And someone dressed in the school’s red devil mascot outfit wants to kill the girls off, along with other random victims whose randomness is one of the two-hour pilot’s more puzzling aspects. Though Roberts has poignantly enacted the role of introvert in the past as Noelle in mental health dramedy It’s Kind of a Funny Story, as April in Gia Coppola’s debut Palo Alto, and as vulnerable Amy in Adult World, the actress completely comes out of her shell and forces us audiences members to pay attention when cast as the not-to-be-trusted femme fatale, which we got a taste of in Murphy’s American Horror Story: Coven and Freak Show.

Granted, Yale’s Skull and Bones society is real, but the 2000 fictionalised version of the club covers up the murder by trying to kill another student/potential Skulls member who’s determined to uncover the truth behind the secretive group. She has also been reaching for pieces by Zimmerman, Jenni Kayne, Maiyet (for evening), Isabel Marant (for standout jackets) and Jennifer Meyer (for jewelry); a preferred shop is Madison in Beverly Grove. Roberts ability to weave in and out of indie film, big-budget comedies (We’re the Millers wasn’t that bad, you guys), and Ryan Murphy-led anthology series has given her a unique edge in a large pool of Hollywood’s emerging talent. And no, merely having Dean Munsch acknowledge the problem (“Out in the real world people just don’t talk that way to other people”) does not solve it, just as being willing to cast women who are not conventionally pretty does not give one free reign to mock their looks and disabilities. An avid handbag collector, Roberts is carrying Max Mara’s burgundy leather Whitney tote, a collaboration with Italian architect Renzo Piano, who recently designed the new Whitney Museum of American Art building in Manhattan.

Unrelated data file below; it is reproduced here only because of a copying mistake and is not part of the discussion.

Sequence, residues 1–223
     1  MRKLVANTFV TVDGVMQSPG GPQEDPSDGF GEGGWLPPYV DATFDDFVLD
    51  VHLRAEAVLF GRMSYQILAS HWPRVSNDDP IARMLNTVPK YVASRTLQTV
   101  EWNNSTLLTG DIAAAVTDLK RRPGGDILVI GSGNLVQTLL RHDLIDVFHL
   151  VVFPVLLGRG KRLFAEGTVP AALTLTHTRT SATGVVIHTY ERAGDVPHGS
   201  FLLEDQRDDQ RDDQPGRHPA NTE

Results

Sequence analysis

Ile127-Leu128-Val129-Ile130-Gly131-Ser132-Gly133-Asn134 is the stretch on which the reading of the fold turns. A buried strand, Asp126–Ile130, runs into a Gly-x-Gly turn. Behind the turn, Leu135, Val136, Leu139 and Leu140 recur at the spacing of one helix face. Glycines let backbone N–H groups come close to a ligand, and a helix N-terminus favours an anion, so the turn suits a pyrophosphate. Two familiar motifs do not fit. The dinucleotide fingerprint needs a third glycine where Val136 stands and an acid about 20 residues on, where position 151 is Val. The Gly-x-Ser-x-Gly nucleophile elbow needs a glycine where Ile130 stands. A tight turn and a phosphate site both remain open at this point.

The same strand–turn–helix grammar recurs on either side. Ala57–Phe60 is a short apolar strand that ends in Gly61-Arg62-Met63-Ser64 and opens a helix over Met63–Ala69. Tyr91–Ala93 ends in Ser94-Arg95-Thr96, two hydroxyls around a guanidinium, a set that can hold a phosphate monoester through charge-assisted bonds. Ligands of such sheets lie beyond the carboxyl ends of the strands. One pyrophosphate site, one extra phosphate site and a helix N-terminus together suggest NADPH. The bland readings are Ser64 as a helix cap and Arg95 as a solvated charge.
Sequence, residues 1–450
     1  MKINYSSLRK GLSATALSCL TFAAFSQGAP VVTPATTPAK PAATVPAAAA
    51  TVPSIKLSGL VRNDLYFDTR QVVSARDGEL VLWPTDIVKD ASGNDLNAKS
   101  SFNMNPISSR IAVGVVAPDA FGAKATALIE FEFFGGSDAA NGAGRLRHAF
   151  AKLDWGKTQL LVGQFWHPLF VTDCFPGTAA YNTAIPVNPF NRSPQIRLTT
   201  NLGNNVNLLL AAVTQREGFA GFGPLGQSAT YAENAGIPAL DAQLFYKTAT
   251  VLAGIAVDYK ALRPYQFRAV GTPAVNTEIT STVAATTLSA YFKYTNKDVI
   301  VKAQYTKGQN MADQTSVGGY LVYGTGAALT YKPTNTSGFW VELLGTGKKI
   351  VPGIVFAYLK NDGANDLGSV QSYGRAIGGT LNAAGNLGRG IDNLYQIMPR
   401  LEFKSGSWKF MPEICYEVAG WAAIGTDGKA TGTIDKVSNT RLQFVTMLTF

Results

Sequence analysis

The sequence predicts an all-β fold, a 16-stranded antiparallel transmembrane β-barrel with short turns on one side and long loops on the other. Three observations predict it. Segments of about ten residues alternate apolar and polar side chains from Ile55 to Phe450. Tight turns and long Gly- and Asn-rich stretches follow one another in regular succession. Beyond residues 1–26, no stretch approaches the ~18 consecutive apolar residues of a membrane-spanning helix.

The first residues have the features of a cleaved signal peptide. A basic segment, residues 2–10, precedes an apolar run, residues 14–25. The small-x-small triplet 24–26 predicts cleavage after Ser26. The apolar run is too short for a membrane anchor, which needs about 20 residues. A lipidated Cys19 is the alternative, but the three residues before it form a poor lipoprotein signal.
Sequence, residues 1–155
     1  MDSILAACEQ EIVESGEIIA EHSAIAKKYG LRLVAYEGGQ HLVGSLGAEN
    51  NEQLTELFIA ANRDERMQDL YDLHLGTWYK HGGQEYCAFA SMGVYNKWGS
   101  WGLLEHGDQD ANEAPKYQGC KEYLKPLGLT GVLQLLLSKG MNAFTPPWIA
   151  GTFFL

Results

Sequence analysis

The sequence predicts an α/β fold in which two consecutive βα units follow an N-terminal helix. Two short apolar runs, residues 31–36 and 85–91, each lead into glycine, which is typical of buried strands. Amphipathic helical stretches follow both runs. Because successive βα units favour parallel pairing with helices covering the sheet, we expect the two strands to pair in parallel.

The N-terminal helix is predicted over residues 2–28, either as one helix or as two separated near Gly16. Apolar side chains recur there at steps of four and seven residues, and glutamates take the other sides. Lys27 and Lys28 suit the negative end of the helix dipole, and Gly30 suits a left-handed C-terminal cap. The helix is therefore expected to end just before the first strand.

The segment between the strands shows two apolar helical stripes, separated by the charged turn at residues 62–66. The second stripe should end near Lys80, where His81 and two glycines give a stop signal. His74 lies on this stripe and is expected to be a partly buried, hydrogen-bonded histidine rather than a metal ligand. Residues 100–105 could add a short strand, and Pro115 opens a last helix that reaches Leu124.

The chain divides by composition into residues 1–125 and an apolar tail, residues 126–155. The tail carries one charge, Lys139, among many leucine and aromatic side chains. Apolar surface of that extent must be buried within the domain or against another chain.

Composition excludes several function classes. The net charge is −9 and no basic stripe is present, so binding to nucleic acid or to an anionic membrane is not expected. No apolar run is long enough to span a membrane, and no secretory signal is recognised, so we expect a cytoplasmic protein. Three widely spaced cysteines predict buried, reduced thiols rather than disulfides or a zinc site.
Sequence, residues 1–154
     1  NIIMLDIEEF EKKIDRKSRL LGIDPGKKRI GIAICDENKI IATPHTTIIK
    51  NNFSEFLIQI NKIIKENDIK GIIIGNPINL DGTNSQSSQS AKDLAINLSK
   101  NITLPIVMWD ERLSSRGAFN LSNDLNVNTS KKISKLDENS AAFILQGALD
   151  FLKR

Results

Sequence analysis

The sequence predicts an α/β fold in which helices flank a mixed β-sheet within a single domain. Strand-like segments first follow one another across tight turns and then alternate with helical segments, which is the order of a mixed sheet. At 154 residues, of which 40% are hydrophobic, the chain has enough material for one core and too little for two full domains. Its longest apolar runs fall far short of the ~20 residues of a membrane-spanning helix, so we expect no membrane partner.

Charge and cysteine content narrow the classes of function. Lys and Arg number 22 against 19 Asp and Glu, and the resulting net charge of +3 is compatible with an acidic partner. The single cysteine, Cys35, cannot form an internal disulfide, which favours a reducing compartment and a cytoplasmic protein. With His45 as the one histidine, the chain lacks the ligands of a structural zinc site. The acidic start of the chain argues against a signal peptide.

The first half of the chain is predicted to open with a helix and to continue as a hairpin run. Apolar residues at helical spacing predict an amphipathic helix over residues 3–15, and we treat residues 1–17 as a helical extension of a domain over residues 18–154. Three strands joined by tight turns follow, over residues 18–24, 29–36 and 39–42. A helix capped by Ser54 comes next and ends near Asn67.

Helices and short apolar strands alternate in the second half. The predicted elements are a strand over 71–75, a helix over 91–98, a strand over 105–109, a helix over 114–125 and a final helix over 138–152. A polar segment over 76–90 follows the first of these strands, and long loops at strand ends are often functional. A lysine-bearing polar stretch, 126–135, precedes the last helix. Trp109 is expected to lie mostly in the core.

What sets Roberts even further apart from her contemporaries, however, is her ability to believably portray both the demure girl next door and the unnerving villain. Palmer and Skyler Samuels give the show something like a heart, albeit one that feels about an inch away from being ripped out and eaten at any given moment. And she dubs a new Balenciaga fanny pack her “favorite purchase of the past five years.” Why? “It’s nice to have your hands free,” she says. “You can dance!